I also get the reality that Disabled people in general are used to the idea that people talking about their bodies and what to do about them is status quo.  It’s still wrong, but it’s so very much a part of their everyday existence that it’s like when Black people ignore a race-based protest.  To them, it’s another Wednesday or whatever, but us privileged folk (and so often, Disabled twitter writers can pass as Neurotypical) are incensed because we see this as unusual.  That’s another reason why, I think, the bigger Disability community didn’t get upset with us.

There’s another double-edged sword here.  I am still waiting to hear back from an agent about representation, and she did mention she does look for people who won’t go offending a huge audience.  This is the reality of life as we live it: gatekeepers want people who don’t get upset when another author publishes her work, or at least, we can get angry if and only if everyone else is angry, too.  A huge Trump protest?  Fine…you’ve got numbers.  This sort of thing?  What am I trying to do, piss off one of the big six publishers?

So, there’s that, too.  And that’s also why I didn’t volunteer that I had this blog and Twitter account.

But I’m Autistic and I was never really good at the social rule that said you shut up when you see or hear about oppression.  It may have taken me years to get awoken to all the oppression around me (and I’m still learning and still making mistakes), but once I knew it was oppression, there I was, speaking up.

It hurts me too much not to speak up.

And this is what the lived reality is about being an Autistic, in general.

There are a few of us who are ridiculously nice; they do a better job at passing in intersectional places.  There are tokens in every community, and I guess I shouldn’t criticize them.

But this hurts.  The people who have the privilege of standing with us haven’t come.

Is it because their spoon drawers are depleted?  Is it because they don’t know or don’t care?

Or is it they believe we should, in fact, be treated in this way?

 

Posted in Advocacy

STAY IN YOUR LANE: #BoycottToSiri

Yesterday, I wrote about how real advocates correct their negative behaviors when they are corrected by others.  How, when you are an advocate (or want to believe yourself to be an advocate), you apologize and try to learn from what’s going on.  What mistake did you make?  How can you make it better?

What you don’t do is get into a fight with the advocate who is trying to help educate you on the harm you’re doing.

If you’re not on Autistic Twitter, you might not know that Autistic advocate Amethyst Shaber, a fantastic advocate, found out that they were referenced in a book called To Siri With Love.  It’s published by HarperCollins, a major publisher, and written by Judith Newman, mother to an Autistic and standard variety “my life sucks because my kid has autism” variety.

The author called Amethyst (who prefers they/them pronouns, and tells you so outright) a girl, and misconstrued Amethyst’s identity, using what the author believed would be a flattering description, but was actually quite condescending.  At no point does the author reach out to Amethyst, but she (the author) uses Amethyst’s work in the book and twists it so it’s not quite right.  In this way, the author apparently thinks that she herself is being helpful, but in reality, when the author presented Amethyst’s work in that way, Newman was not.  Amethyst looks into it and is concerned about the use of Autism Speaks as a reference in the book as well.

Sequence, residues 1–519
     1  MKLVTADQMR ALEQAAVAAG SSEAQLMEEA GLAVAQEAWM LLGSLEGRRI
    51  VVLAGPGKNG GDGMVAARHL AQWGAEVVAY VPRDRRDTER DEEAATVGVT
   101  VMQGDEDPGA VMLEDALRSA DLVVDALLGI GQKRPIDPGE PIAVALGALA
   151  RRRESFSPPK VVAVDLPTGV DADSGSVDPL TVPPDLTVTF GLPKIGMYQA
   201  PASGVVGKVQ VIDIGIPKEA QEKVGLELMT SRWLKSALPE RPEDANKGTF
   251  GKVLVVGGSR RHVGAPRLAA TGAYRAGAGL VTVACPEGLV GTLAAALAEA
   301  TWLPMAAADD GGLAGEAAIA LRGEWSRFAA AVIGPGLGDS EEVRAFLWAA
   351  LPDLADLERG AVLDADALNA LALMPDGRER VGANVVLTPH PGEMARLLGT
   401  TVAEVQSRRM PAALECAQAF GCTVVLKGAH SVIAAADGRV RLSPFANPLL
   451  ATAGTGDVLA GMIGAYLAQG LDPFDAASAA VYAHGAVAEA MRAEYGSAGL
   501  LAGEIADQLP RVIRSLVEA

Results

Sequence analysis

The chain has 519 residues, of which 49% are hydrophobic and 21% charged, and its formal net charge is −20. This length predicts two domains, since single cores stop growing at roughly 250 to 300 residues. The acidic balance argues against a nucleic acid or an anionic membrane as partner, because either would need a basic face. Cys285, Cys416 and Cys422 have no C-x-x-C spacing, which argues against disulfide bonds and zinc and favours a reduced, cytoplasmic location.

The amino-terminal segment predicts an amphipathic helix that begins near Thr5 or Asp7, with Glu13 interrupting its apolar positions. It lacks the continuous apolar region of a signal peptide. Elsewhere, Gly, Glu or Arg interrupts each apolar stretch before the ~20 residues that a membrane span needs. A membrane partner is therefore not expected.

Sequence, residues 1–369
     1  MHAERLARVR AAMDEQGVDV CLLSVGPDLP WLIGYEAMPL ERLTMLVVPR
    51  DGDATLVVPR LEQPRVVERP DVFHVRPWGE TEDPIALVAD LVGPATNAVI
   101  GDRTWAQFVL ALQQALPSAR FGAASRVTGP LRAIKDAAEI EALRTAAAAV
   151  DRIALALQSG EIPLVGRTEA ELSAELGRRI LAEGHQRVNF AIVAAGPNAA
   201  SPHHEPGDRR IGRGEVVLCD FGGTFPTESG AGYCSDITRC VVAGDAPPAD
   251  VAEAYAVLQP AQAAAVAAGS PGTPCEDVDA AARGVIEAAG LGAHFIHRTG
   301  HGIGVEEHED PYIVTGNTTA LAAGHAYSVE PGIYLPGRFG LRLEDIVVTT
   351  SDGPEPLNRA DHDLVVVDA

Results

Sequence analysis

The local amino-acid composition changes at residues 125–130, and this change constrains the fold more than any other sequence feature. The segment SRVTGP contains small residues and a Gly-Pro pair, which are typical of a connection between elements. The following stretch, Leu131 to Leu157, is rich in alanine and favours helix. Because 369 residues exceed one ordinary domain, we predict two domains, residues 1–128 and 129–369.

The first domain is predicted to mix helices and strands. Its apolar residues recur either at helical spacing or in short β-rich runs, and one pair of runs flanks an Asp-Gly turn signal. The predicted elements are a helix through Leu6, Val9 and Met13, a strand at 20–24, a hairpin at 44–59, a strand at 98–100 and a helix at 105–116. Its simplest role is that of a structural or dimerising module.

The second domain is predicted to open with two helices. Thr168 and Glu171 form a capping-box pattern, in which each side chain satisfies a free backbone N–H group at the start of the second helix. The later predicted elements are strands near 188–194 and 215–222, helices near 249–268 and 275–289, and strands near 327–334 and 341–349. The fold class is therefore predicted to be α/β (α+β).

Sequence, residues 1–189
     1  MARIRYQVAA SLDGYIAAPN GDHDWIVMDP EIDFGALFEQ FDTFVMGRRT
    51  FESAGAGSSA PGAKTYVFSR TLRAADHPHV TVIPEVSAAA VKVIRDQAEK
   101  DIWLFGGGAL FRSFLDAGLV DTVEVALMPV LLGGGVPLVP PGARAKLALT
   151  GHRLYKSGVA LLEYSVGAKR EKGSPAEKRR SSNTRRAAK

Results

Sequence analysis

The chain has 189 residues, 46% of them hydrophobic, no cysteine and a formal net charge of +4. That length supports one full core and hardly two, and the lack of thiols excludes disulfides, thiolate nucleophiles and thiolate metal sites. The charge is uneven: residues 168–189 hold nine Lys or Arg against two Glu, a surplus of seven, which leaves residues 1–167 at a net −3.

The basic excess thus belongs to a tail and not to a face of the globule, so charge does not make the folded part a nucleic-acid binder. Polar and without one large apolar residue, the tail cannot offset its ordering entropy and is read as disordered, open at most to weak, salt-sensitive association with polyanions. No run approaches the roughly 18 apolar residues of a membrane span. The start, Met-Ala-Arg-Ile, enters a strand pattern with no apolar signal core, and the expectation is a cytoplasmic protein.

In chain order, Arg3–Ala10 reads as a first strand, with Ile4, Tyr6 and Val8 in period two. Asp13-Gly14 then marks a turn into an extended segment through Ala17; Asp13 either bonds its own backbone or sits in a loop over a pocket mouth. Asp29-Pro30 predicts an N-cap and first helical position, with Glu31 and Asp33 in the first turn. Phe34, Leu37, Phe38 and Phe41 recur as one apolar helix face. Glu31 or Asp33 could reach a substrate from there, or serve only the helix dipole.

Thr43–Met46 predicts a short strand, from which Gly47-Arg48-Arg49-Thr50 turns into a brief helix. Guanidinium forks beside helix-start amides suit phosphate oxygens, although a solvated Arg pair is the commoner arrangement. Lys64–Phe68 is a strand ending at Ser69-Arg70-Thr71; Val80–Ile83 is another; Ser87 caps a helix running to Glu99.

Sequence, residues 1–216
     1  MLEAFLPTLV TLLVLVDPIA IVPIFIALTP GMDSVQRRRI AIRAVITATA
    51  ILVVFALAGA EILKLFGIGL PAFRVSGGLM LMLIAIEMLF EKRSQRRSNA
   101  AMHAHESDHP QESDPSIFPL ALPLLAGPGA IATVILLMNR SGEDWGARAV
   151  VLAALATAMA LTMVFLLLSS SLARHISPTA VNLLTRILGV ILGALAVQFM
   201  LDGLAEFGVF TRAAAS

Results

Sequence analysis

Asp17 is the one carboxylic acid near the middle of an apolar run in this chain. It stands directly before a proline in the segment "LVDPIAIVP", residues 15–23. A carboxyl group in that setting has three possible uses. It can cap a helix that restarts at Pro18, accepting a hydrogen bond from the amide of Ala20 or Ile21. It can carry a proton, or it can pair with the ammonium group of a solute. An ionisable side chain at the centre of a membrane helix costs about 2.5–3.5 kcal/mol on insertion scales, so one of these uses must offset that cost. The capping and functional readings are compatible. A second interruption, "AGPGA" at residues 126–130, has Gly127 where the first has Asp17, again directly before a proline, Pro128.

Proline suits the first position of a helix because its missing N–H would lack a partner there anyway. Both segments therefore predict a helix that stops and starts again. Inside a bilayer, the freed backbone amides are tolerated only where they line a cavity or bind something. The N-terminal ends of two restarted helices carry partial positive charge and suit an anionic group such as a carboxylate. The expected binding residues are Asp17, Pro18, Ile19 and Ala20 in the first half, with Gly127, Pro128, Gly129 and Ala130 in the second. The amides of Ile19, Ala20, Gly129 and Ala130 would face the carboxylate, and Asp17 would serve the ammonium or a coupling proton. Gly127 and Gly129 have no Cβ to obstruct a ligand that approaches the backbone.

Amethyst objected, the author said “sorry” and she’d update it “in the next edition.”

The author was condescending.

Amethyst and other advocates actually start looking into the book and find passages that are eugenicist in nature including the author’s desire to have power of attorney over her son so she can get him sterilized when he comes of age.

Autistic Twitter explodes.

The standard trolls come out of the woodwork to defend this book and the author, not understanding what she’s actually did and why it’s so morally repugnant.

The author keeps saying snarky things, condescending things.

SHE WILL NOT GET INTO HER LANE NOR WILL SHE APOLOGIZE, SINCERELY, AND WORK TO MAKE AMENDS.

Check out #BoycottToSiri for the details.

Oh, and this goes without saying, DO NOT BUY THIS BOOK.  The author and publisher ought not to profit when they were given a chance to do the right thing, and chose, instead, to show what kinds of negative people are involved with this book.

 

 

Posted in Advocacy, intersectionality

Stay in Your Lane: How to Feel Empowered, Not Insulted If You Are Given This Invitation

The expression, “stay in your lane,” is getting increasingly common among Disability activists.

The term is a reference to driving, and if you veer all over the road, you’ll end up hurting the other drivers.  In addition, it points out that you don’t own the whole road; others have a right to use the road as much as you do.

Often, we say it to parent activists and other busybodies who can only speak about their personal experiences, and suddenly, they’re swerving over to talk about the Autistic experience or the experiences of another Disabled person.  It’s also used in issues of race or class or religion.  Basically, anything that is deeply personal, about which only someone who has lived the experience, can really testify about.